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Verticordia rennieana facts for kids

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Verticordia rennieana
Scientific classification

Verticordia rennieana is a flowering plant in the myrtle family, Myrtaceae and is endemic to the south-west of Western Australia. It is an openly branched shrub with small, narrow, warty leaves and pink and silvery-white flowers in spring and summer.


Verticordia rennieana is an openly branched shrub which grows to a height of 0.3–1.4 m (1–5 ft) and .15–1.4 m (0.5–5 ft) wide. Its new growth is whitish and the leaves are linear, 2–7 mm (0.08–0.3 in) long and prominently warty.

The flowers are scented and arranged in small groups near the ends of the branches, each flower on a stalk 3–7 mm (0.1–0.3 in) long. The floral cup is hemispherical in shape, about 2 mm (0.08 in) long, with large green appendages forming a thick collar around the hypanthium. The sepals are pink and silvery-white, 2.5–4 mm (0.1–0.2 in) long with 7 to 10 feathery lobes. The petals are spreading, pink to purple 4 mm (0.2 in) long, oval to almost round with a smooth edge. There are only 5 fertile stamens with groups of 3 staminodes between the stamens. The style is about 1 mm (0.04 in) long, thick, straight and hairy. Flowering time is from October to January.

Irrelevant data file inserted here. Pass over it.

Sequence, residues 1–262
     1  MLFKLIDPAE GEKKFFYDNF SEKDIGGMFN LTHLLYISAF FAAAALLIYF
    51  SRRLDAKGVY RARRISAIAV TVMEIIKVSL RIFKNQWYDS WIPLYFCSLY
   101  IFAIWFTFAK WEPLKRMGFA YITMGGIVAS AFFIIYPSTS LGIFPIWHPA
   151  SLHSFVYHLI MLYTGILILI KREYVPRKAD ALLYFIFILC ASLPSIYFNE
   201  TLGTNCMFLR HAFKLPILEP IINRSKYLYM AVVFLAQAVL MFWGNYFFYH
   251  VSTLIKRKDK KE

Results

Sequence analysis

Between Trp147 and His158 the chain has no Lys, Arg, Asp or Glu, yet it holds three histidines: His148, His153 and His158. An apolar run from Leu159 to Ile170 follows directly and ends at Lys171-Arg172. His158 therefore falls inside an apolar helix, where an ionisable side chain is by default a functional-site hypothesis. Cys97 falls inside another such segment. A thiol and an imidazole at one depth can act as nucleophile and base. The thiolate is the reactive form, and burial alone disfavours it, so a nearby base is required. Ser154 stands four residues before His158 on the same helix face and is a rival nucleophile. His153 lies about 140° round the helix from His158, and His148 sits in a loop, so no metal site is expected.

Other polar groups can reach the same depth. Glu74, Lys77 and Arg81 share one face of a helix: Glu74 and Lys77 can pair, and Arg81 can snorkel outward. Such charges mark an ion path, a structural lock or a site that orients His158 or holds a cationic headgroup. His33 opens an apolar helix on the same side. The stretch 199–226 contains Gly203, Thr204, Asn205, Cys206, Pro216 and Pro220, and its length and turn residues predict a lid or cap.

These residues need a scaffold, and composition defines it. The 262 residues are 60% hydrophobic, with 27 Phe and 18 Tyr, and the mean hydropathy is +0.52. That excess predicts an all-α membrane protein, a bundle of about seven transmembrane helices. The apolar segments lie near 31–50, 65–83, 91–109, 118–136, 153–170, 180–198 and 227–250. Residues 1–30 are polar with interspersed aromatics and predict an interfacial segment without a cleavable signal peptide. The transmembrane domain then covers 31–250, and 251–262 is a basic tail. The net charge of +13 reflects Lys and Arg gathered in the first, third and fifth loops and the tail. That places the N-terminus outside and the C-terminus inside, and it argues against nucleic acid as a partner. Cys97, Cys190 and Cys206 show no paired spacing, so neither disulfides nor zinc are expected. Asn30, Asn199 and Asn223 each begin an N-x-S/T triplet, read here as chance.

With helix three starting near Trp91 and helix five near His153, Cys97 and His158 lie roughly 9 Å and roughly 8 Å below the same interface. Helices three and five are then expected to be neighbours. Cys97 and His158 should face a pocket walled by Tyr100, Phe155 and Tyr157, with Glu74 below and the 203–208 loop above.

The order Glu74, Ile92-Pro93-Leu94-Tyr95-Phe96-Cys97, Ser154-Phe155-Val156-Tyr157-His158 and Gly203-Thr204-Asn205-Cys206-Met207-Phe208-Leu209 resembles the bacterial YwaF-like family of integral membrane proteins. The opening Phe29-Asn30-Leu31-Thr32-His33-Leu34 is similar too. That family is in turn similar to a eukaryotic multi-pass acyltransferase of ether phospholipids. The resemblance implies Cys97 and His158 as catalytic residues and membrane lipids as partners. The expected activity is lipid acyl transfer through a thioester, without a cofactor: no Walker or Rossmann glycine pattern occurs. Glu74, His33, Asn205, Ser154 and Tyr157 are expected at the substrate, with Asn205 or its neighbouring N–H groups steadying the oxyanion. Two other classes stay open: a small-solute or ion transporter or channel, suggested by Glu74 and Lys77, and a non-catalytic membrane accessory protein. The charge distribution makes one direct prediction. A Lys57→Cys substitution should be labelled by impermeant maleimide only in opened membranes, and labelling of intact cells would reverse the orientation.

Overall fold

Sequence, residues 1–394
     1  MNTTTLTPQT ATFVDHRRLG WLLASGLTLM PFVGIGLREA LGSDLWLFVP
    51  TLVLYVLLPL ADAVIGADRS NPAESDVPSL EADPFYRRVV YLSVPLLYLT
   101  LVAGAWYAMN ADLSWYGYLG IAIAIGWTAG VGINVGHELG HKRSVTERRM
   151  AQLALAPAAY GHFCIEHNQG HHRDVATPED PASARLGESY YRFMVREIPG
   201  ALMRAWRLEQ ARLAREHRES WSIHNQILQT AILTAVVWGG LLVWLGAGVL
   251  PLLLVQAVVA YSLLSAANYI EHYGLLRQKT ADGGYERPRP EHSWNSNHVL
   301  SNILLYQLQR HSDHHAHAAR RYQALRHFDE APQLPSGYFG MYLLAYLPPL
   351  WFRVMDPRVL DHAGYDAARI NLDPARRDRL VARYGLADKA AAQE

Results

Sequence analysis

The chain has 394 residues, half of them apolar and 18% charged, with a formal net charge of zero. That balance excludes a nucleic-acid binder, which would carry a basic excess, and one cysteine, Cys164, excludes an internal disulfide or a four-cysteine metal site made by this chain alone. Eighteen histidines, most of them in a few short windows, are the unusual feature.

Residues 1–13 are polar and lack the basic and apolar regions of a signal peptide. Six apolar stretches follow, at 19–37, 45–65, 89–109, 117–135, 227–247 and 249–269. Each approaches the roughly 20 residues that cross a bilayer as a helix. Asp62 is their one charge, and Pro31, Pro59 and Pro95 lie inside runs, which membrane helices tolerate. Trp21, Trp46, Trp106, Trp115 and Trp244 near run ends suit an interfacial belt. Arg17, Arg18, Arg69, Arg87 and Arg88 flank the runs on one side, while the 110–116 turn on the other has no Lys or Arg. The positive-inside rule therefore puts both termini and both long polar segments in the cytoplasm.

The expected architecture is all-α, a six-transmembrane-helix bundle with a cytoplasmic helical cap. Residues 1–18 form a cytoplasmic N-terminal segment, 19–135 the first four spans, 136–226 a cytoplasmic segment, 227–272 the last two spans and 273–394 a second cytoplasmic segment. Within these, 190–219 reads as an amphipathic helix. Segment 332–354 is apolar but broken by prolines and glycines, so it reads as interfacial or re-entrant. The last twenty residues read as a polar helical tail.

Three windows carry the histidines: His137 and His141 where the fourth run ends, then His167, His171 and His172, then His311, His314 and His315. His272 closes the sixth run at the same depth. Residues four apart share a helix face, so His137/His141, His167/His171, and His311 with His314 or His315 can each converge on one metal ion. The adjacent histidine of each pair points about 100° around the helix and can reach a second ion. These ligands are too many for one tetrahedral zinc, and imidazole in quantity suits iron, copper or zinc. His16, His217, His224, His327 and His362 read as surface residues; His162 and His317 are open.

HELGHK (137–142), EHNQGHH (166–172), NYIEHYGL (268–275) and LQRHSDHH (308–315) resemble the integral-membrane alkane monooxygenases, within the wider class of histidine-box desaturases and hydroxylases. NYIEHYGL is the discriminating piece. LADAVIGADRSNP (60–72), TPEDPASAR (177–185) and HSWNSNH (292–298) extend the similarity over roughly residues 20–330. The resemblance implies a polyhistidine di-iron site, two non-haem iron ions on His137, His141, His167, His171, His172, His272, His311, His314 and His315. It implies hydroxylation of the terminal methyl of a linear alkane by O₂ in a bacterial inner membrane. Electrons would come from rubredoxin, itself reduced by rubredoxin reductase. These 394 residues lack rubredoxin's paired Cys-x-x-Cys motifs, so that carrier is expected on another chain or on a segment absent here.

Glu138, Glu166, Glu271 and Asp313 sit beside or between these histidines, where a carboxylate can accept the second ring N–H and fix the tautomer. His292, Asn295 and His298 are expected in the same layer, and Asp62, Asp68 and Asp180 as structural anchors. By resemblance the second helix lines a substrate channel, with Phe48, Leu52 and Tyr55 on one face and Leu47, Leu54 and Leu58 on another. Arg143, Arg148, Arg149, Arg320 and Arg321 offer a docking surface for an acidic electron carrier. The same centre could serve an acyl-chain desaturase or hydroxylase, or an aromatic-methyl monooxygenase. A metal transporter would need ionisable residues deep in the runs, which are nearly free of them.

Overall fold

Taxonomy and naming

Verticordia rennieana was first formally described by Ferdinand von Mueller and Ralph Tate in 1896 from a specimen collected by Richard Helms and the description was published in Transactions and proceedings and report, Royal Society of South Australia. The specific epithet (rennieana) honours "the meritorious Professor of Chemistry in the Adelaide University, Dr. Rennie".

In his review of the genus in 1991, Alex George placed this species in subgenus Eperephes, section Integripetala along with V. helmsii, V. interioris, V. mirabilis and V. picta.

Distribution and habitat

This verticordia is found in a broad area between Perenjori and Southern Cross where it grows in sand, sometimes with gravel or loam, often with other species of verticordia in the Avon Wheatbelt, Coolgardie and Yalgoo biogeographic regions.


Verticordia rennieana is classified as "Not Threatened" by the Western Australian Government Department of Parks and Wildlife.

Use in horticulture

Although this verticordia is rarely grown in gardens it is described as "a beautiful small shrub ... with honey-perfumed flowers". It is propagated from cuttings and requires a sunny position in well-drained soil.

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